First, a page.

About 1830, the efforts of the State of Berne and of the local pioneers of Brienz craftsmanship began to bear fruit. The developing tourism, the reliable work-force and the skilled craftsmanship of the Brienz people made the economic position of Brienz increasingly attractive. When the gentlemen Sebastian Binder from Uders, Tirol, J.M. Roetter from Baden-Baden and Chr. Stuffer from Gröden, Tirol founded a firm in 1835 for the manufacture and sale of craftwork, they benefited from the huge growth of the young branch. After five years, the undertaking had already expanded and a new house and business premises were erected on the same site as still exists today.
The firm recorded its first international successes already before the first generation change. With awards that were brought back from world exhibitions in Paris and London, the first export channels in Europe and overseas were opened up. Out of the initial, simple, turned and carved wooden products, developed an enormous varied range of human and animal figures, small pieces of furniture, ornamental boxes, musical boxes and musical chalets. With the expansion of the business, shops were opened in Interlaken, Lucerne, St. Moritz, Zermatt and Montreux. Diversification into gastronomy took place in Brienz, and in Zürich into lamp production.
With the outbreak of the Franco-German war, the period of prosperity came to an end. With the end of the war, the crisis also ended and the second upswing of the firm began to take off. Once again, Brienz became the target resort of many foreign tourists. In 1900, the factory was built and still stands today. At that time the firm had 250 employees. In 1911, the firm became the first Brienz company to connect up with the electricity network of the Reichenbach Electricity works near Meiringen.
With the outbreak of World War 1, both the firm and Brienz craftwork suffered their second decline. The changed economic, political and social conditions destroyed the former demand for craftwork production from Brienz. In the following years of crisis, the various branches were closed. The stocks of these sales outlets, if not sold, were returned to Brienz where they were then stored for about 100 years, forgotten, rediscovered, and are now on display today.
In 1926, Eduard Binder II died and his son-in-law, Eduard Jobin I, took over the crisis-stricken firm in danger of bankruptcy. The crisis lingered on but when the economic situation gradually improved again in 1953, Eduard Jobin I died at the age of 56. At the age of 22 his son, Eduard Jobin II, took over the business together with his mother. The business was still heavily in debt.
The world economy which was developing positively and the American soldiers who were stationed in Europe helped tourism and the firm enjoyed a renewed upturn.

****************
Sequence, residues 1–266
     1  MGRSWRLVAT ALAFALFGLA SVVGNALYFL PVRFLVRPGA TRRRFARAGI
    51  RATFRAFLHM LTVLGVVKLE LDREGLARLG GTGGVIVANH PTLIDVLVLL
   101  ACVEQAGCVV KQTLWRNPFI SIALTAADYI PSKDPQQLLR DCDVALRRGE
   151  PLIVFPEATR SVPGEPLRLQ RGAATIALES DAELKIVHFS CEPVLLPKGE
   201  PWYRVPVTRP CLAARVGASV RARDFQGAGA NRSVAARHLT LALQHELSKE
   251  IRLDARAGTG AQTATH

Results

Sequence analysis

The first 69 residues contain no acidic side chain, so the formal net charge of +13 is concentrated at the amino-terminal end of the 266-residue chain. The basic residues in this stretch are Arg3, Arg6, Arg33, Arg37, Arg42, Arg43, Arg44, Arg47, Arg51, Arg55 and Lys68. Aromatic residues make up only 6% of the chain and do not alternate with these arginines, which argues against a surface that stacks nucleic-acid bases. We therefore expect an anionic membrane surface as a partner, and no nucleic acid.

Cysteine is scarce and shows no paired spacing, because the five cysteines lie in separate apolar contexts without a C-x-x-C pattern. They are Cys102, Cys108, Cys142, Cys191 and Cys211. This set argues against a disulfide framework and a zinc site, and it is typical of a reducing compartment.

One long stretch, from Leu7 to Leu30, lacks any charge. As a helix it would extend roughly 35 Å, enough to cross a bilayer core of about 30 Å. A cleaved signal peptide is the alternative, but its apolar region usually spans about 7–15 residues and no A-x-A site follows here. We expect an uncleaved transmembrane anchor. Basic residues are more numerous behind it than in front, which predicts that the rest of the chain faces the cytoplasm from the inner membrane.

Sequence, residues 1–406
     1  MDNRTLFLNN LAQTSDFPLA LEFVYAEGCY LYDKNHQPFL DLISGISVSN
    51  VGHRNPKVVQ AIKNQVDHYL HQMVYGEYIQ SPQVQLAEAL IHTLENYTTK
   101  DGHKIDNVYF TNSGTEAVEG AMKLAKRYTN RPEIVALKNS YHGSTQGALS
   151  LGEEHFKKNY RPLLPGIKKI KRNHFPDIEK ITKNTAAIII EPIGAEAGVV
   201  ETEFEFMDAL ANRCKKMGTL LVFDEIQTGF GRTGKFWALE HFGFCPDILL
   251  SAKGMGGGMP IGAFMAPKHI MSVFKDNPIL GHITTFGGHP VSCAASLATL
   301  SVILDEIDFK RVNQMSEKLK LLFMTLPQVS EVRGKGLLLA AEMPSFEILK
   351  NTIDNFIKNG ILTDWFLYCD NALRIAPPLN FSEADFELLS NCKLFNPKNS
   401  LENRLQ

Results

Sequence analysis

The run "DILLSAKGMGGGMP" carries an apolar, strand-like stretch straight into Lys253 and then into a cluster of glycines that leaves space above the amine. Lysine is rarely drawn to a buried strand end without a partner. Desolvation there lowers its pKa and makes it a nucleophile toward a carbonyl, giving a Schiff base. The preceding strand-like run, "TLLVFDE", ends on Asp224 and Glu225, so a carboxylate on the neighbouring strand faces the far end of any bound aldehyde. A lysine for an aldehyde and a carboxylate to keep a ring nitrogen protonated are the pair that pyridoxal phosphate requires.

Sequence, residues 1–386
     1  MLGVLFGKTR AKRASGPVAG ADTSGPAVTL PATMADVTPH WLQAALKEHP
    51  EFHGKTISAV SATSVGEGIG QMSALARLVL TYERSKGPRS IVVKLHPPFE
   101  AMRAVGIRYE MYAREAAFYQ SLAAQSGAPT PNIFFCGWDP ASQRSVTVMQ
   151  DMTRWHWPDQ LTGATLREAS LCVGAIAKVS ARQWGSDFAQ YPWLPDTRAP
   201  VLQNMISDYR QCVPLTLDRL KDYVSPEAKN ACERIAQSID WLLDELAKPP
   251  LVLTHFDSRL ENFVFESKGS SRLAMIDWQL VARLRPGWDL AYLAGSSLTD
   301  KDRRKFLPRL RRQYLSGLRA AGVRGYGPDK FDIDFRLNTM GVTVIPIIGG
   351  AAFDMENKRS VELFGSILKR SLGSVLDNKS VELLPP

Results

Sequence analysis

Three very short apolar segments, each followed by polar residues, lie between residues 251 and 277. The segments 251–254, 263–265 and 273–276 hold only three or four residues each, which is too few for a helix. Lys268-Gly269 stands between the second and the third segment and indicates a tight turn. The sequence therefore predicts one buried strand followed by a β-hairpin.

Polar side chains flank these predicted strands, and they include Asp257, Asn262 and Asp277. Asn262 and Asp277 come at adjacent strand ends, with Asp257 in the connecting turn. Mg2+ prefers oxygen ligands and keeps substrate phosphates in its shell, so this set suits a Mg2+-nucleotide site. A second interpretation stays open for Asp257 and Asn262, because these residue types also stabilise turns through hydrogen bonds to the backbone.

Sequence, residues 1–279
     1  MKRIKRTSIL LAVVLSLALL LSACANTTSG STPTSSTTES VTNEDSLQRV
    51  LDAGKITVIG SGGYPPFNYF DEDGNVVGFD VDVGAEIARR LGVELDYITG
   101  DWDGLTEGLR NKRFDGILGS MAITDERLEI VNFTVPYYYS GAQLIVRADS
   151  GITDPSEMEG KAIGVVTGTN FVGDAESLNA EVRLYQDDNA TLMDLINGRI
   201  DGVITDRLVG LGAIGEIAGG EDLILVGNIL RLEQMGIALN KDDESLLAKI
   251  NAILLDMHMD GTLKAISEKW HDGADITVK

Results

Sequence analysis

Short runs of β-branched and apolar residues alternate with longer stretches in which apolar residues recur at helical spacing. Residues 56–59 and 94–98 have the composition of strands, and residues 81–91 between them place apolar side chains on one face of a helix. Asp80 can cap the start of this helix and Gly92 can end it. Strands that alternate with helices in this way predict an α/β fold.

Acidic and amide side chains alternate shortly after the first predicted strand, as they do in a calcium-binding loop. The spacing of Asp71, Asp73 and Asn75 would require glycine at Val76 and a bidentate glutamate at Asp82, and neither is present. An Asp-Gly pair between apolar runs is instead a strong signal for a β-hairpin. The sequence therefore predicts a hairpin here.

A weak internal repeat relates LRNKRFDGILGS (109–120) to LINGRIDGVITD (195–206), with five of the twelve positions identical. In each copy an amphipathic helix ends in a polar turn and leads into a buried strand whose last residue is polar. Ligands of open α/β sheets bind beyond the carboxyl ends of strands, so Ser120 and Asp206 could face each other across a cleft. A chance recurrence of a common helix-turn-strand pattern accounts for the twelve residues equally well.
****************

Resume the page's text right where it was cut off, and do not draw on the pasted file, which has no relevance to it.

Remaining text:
It was the start of modern tourism and Brienz benefited from the growing reputation and popularity of the tourist centres of Lucerne and Interlaken. A visit to Jobin's in Brienz became a shopping experience for tourists and as time went on the variety of the stock increased in accordance with demand. Although the firm opened up local as well as international outlets, the actual craftwork business remained in crisis. In spite of renewed modernisation in production and marketing, Brienz wood-carving made significant losses in its own business as well as in outside sales.
Nevertheless, thanks to timely efforts in export and to the good reputation of our brand name, the firm succeeded in establishing itself as a producer of high quality and traditional musical boxes. These represent the central function of the company.
In 1997, Eduard Jobin II retired from operational direction and in 2002 handed the company over to the 5th generation.
With the production of its own mechanical, musical articles, the company became more entrenched in creativity on the one hand, and on the other hand became the only Swiss firm which developed, produced and sold musical boxes as well as other mechanical, musical articles under one and the same roof.
In the same year, production and administration were also modernised. Computer supported production was introduced and increased productivity of regular lines and the development and production of items specified by customers.
Gleichenjahrs werden Produktion und Administration modernisiert.
In 1998, the first stage in extending the Living Museum took place. The second stage, with the integration of additional craftworks, followed in 2001. Parallel with the extension of the Museum, the sales section "Events" was created. With "Hands on Events" the very crafts which have been practised for generations now became available as leisure and holiday experiences.
Both today and in the future, the Jobin company sees itself as being a concept and platform for traditional, living and skilled craftwork and as an authentic Swiss experience.